After serving in Vietnam, Drescher worked various hustles. That included being deeply involved with the Hare Krishna Movement and buying cars cheap and selling them for a lot more than he paid for them.

Drescher’s thirty years in prison is addressed, but not with the detail that he devotes to his time in Vietnam, which is disbursed throughout the book.The juxtapositions make it clear how his war-time service influenced the rest of his life due to PTSD. Drescher says the VA was in denial “about PTSD, Agent Orange, or any of the other effects from the war.” The VA, he notes, “gave soldiers the third degree and [they] were browbeat over voicing their complaints. Small wonder that many of us ended up in American penitentiaries after the war ended.”

I found his insider’s look at the Hare Krishna movement fascinating and often humorous.  The Hare Krishna farming and dairy cow sequences caused me to laugh out loud more than once.  Because of their dedication to the sanctity of the life of cows, the Krishnas’ dairy cattle herd kept increasing in size, but their rocky piece of land grew no hay at all, so all the hay had to be purchased.  Drescher estimates that the milk their cows produced cost upwards from $150 per cup. The cows, it turned out, were very expensive pets.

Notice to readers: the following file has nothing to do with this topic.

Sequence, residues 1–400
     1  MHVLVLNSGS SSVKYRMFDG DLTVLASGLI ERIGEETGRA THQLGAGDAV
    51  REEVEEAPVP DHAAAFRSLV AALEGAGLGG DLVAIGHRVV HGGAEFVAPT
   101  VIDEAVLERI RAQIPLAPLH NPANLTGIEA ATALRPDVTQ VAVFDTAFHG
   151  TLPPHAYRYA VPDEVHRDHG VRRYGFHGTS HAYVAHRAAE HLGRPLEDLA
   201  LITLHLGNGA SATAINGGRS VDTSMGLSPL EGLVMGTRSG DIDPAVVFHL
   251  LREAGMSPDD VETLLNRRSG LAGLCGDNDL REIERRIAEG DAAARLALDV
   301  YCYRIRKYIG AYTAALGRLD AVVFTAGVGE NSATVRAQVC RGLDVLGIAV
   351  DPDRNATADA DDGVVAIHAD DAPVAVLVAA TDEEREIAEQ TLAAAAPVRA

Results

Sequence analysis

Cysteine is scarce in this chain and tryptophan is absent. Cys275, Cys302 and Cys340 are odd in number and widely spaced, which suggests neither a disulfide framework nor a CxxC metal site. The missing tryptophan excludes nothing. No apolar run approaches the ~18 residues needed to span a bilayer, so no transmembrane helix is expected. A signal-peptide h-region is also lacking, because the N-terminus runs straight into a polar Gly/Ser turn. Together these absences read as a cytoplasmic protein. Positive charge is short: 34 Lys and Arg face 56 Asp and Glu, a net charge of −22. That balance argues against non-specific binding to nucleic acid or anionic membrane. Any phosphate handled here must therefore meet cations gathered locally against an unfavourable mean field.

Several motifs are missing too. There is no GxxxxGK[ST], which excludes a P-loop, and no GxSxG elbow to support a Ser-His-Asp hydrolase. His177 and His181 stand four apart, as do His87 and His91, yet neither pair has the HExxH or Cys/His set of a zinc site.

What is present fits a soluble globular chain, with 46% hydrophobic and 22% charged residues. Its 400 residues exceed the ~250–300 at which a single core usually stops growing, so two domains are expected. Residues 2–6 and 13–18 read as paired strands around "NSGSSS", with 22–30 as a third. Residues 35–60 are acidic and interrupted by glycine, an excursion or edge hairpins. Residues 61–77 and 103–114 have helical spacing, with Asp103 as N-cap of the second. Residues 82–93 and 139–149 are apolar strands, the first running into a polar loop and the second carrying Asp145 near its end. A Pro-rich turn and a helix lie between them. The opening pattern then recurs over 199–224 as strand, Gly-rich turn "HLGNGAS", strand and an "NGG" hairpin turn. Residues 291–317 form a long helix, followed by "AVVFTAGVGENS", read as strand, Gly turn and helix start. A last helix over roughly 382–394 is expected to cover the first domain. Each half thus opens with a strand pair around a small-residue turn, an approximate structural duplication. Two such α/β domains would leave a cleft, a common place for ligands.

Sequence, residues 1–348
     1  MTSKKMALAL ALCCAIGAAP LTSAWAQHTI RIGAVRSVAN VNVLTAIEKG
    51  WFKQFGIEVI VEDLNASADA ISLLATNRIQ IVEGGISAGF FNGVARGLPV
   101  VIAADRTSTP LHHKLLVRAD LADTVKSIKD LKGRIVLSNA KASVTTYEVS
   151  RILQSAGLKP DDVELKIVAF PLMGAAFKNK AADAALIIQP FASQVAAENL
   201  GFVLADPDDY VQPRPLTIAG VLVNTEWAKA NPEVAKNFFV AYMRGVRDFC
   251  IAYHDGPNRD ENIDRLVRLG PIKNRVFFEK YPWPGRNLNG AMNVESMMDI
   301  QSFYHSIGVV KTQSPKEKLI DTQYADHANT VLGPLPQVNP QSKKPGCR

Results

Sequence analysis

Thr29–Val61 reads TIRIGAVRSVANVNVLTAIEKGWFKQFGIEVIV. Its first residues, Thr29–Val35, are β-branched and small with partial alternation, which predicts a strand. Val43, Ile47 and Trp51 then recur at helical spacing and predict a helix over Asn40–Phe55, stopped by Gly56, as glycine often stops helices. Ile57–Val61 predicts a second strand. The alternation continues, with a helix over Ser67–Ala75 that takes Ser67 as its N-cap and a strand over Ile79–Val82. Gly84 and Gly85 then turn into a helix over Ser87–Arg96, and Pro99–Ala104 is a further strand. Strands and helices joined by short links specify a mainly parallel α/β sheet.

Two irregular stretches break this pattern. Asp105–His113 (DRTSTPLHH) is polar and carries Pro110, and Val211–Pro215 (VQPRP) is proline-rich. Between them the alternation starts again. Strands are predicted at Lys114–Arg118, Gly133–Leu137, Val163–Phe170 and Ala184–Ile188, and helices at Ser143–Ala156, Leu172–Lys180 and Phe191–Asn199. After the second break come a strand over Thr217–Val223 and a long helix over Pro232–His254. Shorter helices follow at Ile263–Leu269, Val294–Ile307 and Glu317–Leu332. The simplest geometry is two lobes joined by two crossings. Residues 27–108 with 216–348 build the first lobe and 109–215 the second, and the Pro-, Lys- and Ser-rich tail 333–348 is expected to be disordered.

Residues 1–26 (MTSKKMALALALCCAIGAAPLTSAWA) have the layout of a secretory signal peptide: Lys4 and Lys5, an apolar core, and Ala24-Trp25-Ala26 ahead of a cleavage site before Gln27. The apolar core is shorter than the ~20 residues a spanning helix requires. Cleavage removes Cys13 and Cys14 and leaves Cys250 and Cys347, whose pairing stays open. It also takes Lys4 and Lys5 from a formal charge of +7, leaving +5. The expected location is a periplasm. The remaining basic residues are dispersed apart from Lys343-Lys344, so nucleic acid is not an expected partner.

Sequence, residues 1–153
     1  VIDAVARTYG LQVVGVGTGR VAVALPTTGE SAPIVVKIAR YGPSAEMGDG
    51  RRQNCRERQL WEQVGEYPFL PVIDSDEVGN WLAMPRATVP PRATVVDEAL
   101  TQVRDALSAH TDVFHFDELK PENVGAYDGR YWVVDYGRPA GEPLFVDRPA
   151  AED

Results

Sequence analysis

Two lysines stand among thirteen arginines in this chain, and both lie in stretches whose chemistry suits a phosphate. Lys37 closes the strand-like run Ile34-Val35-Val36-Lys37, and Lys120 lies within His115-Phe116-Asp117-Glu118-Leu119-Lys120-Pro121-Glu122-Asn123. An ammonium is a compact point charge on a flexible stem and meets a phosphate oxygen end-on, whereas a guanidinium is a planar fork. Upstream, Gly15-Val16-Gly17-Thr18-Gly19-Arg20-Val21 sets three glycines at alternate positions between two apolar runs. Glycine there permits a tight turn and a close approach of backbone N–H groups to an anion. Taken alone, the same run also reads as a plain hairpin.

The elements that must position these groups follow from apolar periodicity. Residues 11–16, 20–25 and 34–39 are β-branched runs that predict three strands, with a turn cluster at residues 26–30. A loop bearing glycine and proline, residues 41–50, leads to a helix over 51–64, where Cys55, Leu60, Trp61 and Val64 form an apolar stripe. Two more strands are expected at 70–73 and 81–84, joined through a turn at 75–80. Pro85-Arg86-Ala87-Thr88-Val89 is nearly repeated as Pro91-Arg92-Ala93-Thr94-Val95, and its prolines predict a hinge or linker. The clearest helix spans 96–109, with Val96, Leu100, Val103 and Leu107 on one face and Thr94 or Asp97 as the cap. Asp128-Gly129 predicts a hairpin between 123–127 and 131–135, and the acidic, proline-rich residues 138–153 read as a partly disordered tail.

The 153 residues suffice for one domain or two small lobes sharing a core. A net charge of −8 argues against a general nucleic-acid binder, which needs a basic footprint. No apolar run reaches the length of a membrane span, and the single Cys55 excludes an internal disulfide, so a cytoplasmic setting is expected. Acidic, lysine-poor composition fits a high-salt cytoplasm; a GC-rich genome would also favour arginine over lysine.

T.A. Drescher

Their farm produced tons of zucchini squash, acorn squash, and tomatoes, but the cows would not eat that stuff. So the farm had to be abandoned.

Drescher’s Vietnam War accounts are powerful and riveting. “Our air assaults into hot LZs were legendary, not the John Wayne kind,”  he writes. By that, Drescher means that as soon as the men hit the ground, they suffered immediate casualties because of the disastrous leadership of their lieutenant colonel, who was chasing a promotion. The colonel was above the men in a helicopter, sending them straight into the bullets of snipers.